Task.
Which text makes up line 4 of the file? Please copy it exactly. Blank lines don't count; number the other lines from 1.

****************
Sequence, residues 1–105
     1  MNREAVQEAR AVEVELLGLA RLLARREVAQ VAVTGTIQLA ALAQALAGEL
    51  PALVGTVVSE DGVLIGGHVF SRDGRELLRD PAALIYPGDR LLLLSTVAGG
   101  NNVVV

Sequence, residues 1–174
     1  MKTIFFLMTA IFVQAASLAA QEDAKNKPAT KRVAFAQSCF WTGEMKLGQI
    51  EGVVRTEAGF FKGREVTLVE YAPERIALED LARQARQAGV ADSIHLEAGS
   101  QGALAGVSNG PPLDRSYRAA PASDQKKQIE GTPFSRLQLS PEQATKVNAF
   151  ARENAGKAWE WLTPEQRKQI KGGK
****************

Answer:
   101  NNVVV